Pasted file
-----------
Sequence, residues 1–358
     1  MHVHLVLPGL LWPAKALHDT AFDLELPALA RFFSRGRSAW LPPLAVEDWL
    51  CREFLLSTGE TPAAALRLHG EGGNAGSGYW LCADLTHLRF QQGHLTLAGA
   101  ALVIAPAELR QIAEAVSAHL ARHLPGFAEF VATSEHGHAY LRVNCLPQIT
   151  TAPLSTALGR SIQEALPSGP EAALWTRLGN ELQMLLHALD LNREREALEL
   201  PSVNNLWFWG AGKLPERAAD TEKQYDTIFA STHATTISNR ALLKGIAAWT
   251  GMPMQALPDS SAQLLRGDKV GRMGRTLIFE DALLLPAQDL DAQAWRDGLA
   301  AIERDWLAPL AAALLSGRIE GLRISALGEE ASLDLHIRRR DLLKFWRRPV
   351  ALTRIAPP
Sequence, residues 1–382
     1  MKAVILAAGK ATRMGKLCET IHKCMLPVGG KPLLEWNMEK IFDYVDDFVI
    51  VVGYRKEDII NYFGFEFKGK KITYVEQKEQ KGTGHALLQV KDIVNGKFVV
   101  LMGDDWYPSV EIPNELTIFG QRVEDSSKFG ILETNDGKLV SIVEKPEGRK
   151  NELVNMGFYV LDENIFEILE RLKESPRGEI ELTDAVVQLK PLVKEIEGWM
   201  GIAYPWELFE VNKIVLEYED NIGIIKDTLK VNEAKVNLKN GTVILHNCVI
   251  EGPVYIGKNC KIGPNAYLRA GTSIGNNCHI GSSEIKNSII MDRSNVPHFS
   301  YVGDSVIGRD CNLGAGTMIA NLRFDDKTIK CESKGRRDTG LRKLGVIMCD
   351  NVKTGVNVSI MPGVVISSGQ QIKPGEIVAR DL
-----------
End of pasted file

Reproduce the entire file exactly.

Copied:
Sequence, residues 1–358
     1  MHVHLVLPGL LWPAKALHDT AFDLELPALA RFFSRGRSAW LPPLAVEDWL
    51  CREFLLSTGE TPAAALRLHG EGGNAGSGYW LCADLTHLRF QQGHLTLAGA
   101  ALVIAPAELR QIAEAVSAHL ARHLPGFAEF VATSEHGHAY LRVNCLPQIT
   151  TAPLSTALGR SIQEALPSGP EAALWTRLGN ELQMLLHALD LNREREALEL
   201  PSVNNLWFWG AGKLPERAAD TEKQYDTIFA STHATTISNR ALLKGIAAWT
   251  GMPMQALPDS SAQLLRGDKV GRMGRTLIFE DALLLPAQDL DAQAWRDGLA
   301  AIERDWLAPL AAALLSGRIE GLRISALGEE ASLDLHIRRR DLLKFWRRPV
   351  ALTRIAPP
Sequence, residues 1–382
     1  MKAVILAAGK ATRMGKLCET IHKCMLPVGG KPLLEWNMEK IFDYVDDFVI
    51  VVGYRKEDII NYFGFEFKGK KITYVEQKEQ KGTGHALLQV KDIVNGKFVV
   101  LMGDDWYPSV EIPNELTIFG QRVEDSSKFG ILETNDGKLV SIVEKPEGRK
   151  NELVNMGFYV LDENIFEILE RLKESPRGEI ELTDAVVQLK PLVKEIEGWM
   201  GIAYPWELFE VNKIVLEYED NIGIIKDTLK VNEAKVNLKN GTVILHNCVI
   251  EGPVYIGKNC KIGPNAYLRA GTSIGNNCHI GSSEIKNSII MDRSNVPHFS
   301  YVGDSVIGRD CNLGAGTMIA NLRFDDKTIK CESKGRRDTG LRKLGVIMCD
   351  NVKTGVNVSI MPGVVISSGQ QIKPGEIVAR DL